Photo courtesy of Seco


Medical implant manufacturers face many challenges. See how choosing the right cutting tool manufacturer can help with tool selection, hardened materials, tight tolerances and regulatory requirements.

Improved joint replacement technology is giving more people the option to have surgery for a better quality of life, free from pain and limited mobility. The increased demand of joint replacements also holds potential for manufacturers of medical implant parts.

To capitalize on the booming business, medical part manufacturers must overcome a number of hurdles in their operation, including tool selection, hardened materials, tight tolerances and regulatory requirements.

Where the tool meets the metal is only one of many defining moments for a manufacturer. Choosing the right cutting tools, however, can make a critical difference in production.

Here are five ways that a quality tool can positively affect a medical implant manufacturer’s business.

Simplified Tool Selection

When evaluating companies to do business with, manufacturers would do well to focus on experience, especially when it comes to medical implant parts, with its quickly changing technology and regulatory requirements.


“If we’re optimizing the cutting parameters for the tool to the component, the machine kinematics and also the software capabilities, we can improve tool life dramatically.”
Joe Mecus
Seco Tools


“Seco was on the ground floor, decades ago, when orthopedic implant manufacturing started to boom,” says Joe Mecus, business development manager for medical manufacturing in the Americas for Seco Tools. This experience has allowed the company first to develop tools to machine orthopedic implants and then to refine the tools over time.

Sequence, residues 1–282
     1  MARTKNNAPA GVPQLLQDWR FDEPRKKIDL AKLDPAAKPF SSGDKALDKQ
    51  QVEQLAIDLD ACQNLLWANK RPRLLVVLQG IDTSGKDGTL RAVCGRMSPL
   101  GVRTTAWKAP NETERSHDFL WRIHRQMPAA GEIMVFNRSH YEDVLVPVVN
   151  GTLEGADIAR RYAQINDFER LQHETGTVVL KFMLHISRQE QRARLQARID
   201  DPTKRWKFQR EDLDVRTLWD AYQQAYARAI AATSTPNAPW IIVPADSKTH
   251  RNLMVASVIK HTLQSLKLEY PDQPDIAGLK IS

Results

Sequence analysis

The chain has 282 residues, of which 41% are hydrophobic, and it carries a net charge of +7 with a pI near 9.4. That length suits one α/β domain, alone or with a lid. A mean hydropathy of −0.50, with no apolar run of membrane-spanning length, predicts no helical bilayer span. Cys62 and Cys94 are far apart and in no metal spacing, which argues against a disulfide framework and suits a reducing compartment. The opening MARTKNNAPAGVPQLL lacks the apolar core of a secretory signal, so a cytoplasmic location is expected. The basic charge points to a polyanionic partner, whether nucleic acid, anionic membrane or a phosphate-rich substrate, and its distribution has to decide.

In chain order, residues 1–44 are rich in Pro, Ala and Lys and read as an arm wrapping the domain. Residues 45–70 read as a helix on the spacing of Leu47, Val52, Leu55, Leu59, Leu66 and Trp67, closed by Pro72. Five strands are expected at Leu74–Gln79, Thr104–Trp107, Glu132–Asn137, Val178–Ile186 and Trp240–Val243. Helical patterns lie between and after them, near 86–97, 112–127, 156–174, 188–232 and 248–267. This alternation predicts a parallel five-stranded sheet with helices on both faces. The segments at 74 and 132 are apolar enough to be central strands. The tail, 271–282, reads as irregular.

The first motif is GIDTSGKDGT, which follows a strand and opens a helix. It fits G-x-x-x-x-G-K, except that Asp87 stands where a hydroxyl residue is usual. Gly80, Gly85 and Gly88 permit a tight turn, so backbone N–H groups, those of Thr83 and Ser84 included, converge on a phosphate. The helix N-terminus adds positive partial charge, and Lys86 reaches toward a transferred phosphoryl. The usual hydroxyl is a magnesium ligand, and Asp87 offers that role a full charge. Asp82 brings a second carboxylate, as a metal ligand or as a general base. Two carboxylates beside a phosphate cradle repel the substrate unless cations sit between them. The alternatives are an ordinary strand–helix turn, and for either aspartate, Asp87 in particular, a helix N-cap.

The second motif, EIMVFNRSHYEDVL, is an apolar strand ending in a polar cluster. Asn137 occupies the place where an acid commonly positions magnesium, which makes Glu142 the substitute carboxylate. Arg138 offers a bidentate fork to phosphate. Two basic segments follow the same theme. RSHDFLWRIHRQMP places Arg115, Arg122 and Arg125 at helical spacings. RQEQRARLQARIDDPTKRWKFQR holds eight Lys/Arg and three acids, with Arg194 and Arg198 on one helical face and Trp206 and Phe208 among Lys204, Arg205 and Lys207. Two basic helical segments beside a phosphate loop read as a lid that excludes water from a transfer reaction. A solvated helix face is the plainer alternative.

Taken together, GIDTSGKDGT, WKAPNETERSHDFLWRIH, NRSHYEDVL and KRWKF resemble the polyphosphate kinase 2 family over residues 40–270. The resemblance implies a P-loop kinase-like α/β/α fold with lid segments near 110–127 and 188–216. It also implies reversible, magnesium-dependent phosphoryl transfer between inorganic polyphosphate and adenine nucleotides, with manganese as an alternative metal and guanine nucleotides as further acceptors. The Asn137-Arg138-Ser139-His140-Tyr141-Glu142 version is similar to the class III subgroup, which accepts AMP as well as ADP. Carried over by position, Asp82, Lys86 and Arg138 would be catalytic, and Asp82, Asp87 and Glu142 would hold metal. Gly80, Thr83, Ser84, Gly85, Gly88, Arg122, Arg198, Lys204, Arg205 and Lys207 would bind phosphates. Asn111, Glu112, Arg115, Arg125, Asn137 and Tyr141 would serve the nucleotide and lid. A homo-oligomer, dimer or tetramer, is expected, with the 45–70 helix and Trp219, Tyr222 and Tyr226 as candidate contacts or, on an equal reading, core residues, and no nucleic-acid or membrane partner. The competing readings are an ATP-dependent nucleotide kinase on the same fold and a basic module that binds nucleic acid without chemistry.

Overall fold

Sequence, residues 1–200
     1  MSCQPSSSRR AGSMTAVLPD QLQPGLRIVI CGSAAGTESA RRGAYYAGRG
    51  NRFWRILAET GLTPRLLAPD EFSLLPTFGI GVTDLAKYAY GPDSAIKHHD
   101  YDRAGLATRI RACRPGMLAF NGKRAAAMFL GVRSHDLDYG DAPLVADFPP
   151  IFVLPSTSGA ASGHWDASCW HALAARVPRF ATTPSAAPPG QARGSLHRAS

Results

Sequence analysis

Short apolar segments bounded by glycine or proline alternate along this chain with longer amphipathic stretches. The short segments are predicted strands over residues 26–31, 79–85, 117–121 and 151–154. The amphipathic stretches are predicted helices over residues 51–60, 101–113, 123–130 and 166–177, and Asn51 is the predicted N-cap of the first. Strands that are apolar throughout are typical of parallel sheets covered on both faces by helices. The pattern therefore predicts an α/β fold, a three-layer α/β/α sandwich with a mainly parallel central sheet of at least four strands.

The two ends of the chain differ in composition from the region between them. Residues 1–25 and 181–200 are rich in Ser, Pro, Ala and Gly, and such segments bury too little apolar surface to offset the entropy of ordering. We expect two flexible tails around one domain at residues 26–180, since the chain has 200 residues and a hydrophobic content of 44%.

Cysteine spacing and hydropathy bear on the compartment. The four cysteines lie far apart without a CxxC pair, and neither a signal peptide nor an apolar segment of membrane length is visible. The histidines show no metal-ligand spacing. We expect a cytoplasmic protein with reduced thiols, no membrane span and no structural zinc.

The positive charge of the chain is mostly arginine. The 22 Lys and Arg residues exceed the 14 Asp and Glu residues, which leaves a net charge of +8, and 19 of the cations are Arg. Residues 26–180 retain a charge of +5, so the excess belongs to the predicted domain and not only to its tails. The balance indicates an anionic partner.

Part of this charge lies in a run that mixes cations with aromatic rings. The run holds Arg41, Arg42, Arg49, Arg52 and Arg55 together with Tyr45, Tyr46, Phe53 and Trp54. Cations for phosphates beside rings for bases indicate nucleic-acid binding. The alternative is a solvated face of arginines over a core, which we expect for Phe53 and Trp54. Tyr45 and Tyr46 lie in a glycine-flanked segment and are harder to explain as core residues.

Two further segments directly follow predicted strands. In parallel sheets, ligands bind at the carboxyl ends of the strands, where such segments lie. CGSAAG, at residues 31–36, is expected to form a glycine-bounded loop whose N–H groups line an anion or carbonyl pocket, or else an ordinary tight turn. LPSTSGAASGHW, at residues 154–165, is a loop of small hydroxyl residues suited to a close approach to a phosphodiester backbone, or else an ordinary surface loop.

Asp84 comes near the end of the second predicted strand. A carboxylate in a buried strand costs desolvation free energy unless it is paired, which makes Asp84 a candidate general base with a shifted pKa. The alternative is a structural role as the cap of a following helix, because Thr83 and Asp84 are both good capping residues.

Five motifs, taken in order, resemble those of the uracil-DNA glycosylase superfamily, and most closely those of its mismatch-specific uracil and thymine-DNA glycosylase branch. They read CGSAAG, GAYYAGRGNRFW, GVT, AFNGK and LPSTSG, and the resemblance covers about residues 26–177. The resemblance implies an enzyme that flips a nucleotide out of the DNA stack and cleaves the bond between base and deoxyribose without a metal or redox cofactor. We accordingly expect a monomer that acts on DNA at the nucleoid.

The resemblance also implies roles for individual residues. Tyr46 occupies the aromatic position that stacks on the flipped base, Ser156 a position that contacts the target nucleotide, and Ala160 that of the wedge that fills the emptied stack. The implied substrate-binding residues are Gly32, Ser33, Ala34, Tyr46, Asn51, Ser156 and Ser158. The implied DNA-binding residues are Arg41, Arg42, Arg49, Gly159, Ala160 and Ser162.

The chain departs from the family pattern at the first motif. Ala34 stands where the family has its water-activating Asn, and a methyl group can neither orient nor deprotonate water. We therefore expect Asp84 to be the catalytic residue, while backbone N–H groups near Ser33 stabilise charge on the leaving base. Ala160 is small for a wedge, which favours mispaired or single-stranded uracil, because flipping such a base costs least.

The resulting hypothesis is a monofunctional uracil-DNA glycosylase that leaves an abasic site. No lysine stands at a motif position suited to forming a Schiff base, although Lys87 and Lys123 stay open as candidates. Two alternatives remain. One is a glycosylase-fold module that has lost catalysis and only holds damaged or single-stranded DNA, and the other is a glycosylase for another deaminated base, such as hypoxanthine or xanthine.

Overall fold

“We design tools at a micro level with the geometries at the cutting edge and the processes between—post grinding, finishing, polishing and coating—that produce 30 to 70 percent tool life improvement over our own tools that were just developed five or 10 years ago.”

Read more: Seco Explains 3 Industry Buzzwords That Can Boost Your Bottom Line

Besides these improvements, the cutting tool manufacturer has developed a full range of standard products for orthopedic knee implants. “The features we’ve developed in those tools far surpass the performance of the special custom tools that we had developed in the original process,” Mecus says. “With fewer specials required, their supply chain becomes easier to manage.”

Experience with Hard-to-Work Material

Experience in a specialized industry such as orthopedic implants pays off in knowing how to handle hard-to-work material.

Cobalt chrome has been the industry standard for knee replacement parts, and titanium is increasingly being used. Both materials are hard to machine and harder on cutting tools.

“It’s not just knowing the cutting tool, and it’s not just knowing the workpiece material,” Mecus explains. “It’s knowing there could be variations in the workpiece material. It’s knowing how to apply it and how to utilize the strengths of the software that you’re partnered with to do that.”

Efficiencies Across the Manufacturing Process

In an effort to optimize the direction of their individual companies, machine tool builders, software programmers and cutting tool manufacturers have become focused on their own core strengths, to the exclusion of others in the manufacturing process, Mecus says.

The key to improving the process for medical manufacturers, however, is for the various industry partners to work together. Seco makes this a regular practice, he says.

“It’s better for the end customer if each of those disciplines is working together to optimize their strengths,” he says. “If one of them is working alone, they’re going to be weak. If you get all of those disciplines working together, you can come up with unique solutions that individually they would never achieve by themselves.”